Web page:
Homeowners, on the other hand, are expected to honor their promises, however unmanageable a change of circumstance may be. This moral asymmetry, White concludes, results in a distributional inequality with homeowners bearing a disproportionate burden from the housing collapse.
Emotional constraints deter strategic defaults
White suggests that the choices of most homeowners not to strategically default are the result of two emotional constraints. The first is a desire to avoid the shame and guilt of foreclosure and the second is an exaggerated anxiety about the perceived consequences of a foreclosure. These emotional forces, he continues, are “actively cultivated by the government and other social control agents in order to encourage homeowners to follow social and moral norms related to the honoring of financial obligations – and to ignore market and legal norms under which strategic default might be both viable and the wisest financial decision.”
Suboptimal economic decisions are irrational
White believes that shame and an exaggerated anxiety about the effects of a foreclosure may be keeping homeowners from walking away in droves. Even in non-recourse states such as California and Arizona where foreclosure is the lender’s only remedy and personal deficiency judgments cannot be obtained against borrowers, “the vast majority of underwater homeowners continue to make their mortgage payments – even when they are hundreds of thousands of dollars underwater and have no reasonable prospect of recouping their losses.”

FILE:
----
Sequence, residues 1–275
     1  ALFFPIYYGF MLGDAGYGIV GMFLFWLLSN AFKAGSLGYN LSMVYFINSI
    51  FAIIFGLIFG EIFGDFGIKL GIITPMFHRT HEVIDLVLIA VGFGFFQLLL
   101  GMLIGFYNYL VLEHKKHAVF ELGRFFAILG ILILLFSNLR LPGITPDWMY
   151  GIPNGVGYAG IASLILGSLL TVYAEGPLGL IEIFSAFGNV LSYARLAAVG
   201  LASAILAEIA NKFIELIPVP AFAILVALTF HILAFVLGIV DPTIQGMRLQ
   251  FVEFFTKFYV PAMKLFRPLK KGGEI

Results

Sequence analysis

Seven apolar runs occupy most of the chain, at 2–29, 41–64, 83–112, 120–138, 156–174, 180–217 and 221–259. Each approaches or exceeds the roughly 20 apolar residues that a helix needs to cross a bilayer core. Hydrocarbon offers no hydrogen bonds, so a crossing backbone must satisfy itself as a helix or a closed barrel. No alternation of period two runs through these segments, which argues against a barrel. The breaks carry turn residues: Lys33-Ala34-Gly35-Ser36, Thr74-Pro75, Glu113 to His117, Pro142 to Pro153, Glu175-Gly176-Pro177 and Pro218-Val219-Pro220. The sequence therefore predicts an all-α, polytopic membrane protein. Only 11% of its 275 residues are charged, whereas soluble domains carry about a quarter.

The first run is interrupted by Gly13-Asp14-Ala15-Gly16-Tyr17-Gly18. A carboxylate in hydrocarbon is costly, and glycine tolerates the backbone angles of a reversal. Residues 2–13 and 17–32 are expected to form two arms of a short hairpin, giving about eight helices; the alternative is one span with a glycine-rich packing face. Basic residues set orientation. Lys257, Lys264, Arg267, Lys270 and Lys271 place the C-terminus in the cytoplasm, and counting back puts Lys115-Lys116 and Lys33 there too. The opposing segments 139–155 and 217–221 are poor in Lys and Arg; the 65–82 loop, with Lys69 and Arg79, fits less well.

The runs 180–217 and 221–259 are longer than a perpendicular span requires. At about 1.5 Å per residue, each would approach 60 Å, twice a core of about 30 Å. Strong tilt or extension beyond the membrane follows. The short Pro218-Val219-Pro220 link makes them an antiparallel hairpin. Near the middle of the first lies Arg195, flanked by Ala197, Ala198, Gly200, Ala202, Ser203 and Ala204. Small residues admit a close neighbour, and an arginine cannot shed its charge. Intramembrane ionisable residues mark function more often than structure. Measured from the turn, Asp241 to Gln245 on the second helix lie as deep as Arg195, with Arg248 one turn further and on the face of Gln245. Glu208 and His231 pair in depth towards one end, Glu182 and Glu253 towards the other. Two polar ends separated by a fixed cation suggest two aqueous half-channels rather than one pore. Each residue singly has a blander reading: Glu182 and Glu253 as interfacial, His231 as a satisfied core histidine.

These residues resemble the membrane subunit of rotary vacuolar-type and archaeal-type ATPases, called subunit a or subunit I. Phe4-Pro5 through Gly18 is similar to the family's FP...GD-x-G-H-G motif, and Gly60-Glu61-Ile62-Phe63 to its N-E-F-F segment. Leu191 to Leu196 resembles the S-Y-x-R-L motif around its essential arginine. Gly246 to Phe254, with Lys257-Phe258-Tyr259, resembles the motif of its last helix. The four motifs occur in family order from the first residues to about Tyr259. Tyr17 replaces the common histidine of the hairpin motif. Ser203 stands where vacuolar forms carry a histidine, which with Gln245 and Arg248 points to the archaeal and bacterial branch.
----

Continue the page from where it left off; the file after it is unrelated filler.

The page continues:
While such behavior may appear irrational on its face, behavioral economists liken the behavior of underwater homeowners to the irrationality that leads people to make other suboptimal economic decisions. “Underwater homeowners aren’t knowingly making bad choices, they just can’t cognitively grasp that they would be better off if they walked away from their mortgages,” White explains.
The moral playing field requires leveling
Walking away from over-encumbered homes may well undermine the basic tenants of mortgage lending, but no more than does taxpayer assistance for lenders who remain unwilling to make interest-rate or other concessions. Rewriting interest rates on existing mortgages would keep many of distressed borrowers in their homes, but lenders have little incentive to make any concessions. Over the last couple of years, we have seen that banks cannot be shamed into action. Congress briefly considered a bill that would have allowed bankruptcy judges rewrite mortgages, but even that relatively modest proposal languished and died last spring.
Walking away may be the most financially responsible choice
Struggle as they may against the emotional constraints pinpointed by White, plenty of homeowners arrive at turning points where they have no choice but to walk away. With 10.7 million Americans underwater on their mortgages, it may be time to reconsider the prevailing lending morality. Walking away just may be the most financially responsible choice a distressed homeowner can make, when doing so makes it possible to meet other, unsecured credit obligations and provide a stable income for his or her dependents.